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thing, or a small thing com-
paratively, especially as the
going-out came first.
So too,
for Marie, who could think of
nothing save the parting with
her father, the fact that de
Bruin was going out veiled the
irrevocableness of the formal
betrothal upon which the Gen-
eral had set his mind. Thus
both she and Frans acquiesced,
indifferently, in the step to
which the General, who was

a

convinced the General that General's daughter was a small Tante Lotje's wing, valiant though he knew it to be, was not sufficient protection for Marie, and accordingly he gave her that of a fiancé's name. Had there been any parti at home, very eligible, and willing, the General with the iron hand would have married Marie to him straightway. It is certain that he would have attempted to marry her to any eligible stay-at-home, willy-nilly. But although there were many suitors at home very willing, for Marie was handsome enough, and a hero's daughter, there was none eligible, for the reason that the man whom the General had selected as a husband for his girl was going out on his own staff. Had Frans de Bruin been a less capable officer, he would have made a more desirable sonin-law, for then he could have been left at home. Here again, however, the General (as himself expressed it) sacrificed his personal convenience to his country's needs. It did not occur to him no one who knew him had thought that it would, for one minute that Marie and Frans might have wishes in the matter, or that, having them, they might expect them to be considered. And, as a matter of fact, there seemed to be on their part an absence of wishes, one way or another. Had General van de Burg refused Captain de Bruin as a volunteer for Atjeh, it is certain that de Bruin would have refused the General as a father-in-law. But the Captain felt that as he was going on the General's staff, marrying the

diplomatist as well as а soldier when he chose, was skilfully compelling them. When they did take it, it was with few of the accustomed ceremonials. There was no reception, no family dinner-party. As a matter of fact, the General and Frans went on board at Ymuiden on the day that cards were sent out, and Marie received alone the congratulations and the sympathy of their acquaintance. Except Uncle Maarten and his wife, to whom she was to pay a long visit soon, the van de Burgs had few relations, or at any rate few that counted; so there were only a van Heesteren or two and the de Bruin family in its main branches to be informally visited by the affianced couple, and this was done in flying afternoon calls. It was on the eve of sailing that they exchanged plain bands of gold, and they slipped them on each other's finger with few protestations. But first they scratched each other's initials on the inner sides of the circlets, and their laughing awkwardness in this operation blunted the cutting edge of the part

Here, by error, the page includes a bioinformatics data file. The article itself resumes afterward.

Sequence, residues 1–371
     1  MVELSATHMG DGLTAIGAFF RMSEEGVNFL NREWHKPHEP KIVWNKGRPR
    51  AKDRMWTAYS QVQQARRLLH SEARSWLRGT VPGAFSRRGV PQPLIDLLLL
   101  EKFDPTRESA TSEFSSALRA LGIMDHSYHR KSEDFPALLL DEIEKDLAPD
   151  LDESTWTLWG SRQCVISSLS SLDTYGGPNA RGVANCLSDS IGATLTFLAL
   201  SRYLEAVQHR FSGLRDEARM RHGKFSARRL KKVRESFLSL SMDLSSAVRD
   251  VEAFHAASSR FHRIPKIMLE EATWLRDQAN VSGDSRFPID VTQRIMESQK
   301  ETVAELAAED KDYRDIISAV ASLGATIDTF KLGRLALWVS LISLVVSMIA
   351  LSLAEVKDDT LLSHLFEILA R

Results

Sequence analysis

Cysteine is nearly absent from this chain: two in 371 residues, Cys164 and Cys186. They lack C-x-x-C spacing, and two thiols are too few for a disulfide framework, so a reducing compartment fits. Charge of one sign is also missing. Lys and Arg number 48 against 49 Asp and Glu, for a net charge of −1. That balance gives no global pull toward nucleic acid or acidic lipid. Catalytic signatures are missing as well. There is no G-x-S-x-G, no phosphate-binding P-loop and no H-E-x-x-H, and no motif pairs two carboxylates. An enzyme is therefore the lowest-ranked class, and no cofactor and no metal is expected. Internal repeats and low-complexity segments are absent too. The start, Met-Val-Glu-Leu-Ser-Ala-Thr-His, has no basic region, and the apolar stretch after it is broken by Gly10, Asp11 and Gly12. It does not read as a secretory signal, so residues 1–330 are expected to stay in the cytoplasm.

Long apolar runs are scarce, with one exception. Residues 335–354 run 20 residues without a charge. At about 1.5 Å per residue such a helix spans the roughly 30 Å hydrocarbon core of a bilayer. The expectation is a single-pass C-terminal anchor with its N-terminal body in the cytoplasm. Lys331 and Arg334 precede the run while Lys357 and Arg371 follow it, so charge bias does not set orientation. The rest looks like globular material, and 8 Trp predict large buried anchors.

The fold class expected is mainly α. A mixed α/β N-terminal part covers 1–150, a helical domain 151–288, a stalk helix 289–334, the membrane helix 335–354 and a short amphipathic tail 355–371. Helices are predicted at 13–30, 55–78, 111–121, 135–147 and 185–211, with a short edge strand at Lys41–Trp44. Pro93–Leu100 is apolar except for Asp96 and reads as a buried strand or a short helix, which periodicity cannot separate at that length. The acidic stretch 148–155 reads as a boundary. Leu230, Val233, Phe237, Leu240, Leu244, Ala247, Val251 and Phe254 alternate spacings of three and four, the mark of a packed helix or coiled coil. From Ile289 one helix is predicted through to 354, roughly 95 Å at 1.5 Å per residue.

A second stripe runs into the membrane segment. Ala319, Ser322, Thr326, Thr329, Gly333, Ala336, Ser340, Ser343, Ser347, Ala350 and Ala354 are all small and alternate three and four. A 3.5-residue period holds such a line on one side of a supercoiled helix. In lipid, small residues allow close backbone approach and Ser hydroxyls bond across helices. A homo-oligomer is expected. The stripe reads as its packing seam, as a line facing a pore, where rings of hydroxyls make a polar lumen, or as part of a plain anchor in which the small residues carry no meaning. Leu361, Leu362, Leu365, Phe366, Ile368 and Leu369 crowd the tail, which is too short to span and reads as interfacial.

ing interview, which had been made keen by the consciousness of indifference rather than by the poignancy of farewell.

The General's conduct of the war in the next two years is known to all the world: I am the minor historian of Tante Lotje's campaign in The Hague. Tante Lotje was a little body compact of spirited virtues; as the Scots say, "Guid gear goes in little bulk.” On her head was a circlet of greyblack curls that shook all day long in the breeze of her agitations; for Tante Lotje attacked the affairs of life, each one, as her brother smote the enemy, with a sudden and fierce assault. Her particular mode of warfare and here again the illustrious Michiel may have served as model-was a succession of skirmishes rounded off by a general attack upon the harassed and worn-out adversary. And, like her brother, she seldom failed in respect for a clever general opposed to her: that is why she suffered so few defeats. For this intrepid little warrior, The Hague was a fine field of operations. That lightsome capital, as everybody knows, has a chic of its own. The inhabitants polish its life, bidding you observe how it sparkles in the plain setting of the surrounding country. To Tante Lotje, of good old Zeeland stock, here was a challenge, and she accepted it briskly.

"Tailleur! Poof!" she would exclaim, stopping Marie in their perambulation of the Spui Straat of an afternoon. 66 Why can't the man call himself a maker of clothes! That's

Dutch. And look here: Confiseur. Hé! It's only a banketbaker, and the little baggage in it who serves you in French never was nearer Paris than the Kurhaus, for certain."

"But, Tante," Marie would answer, coaxing the curls to calm themselves and move on, "you find tailleurs and confiseurs and modistes all over Holland."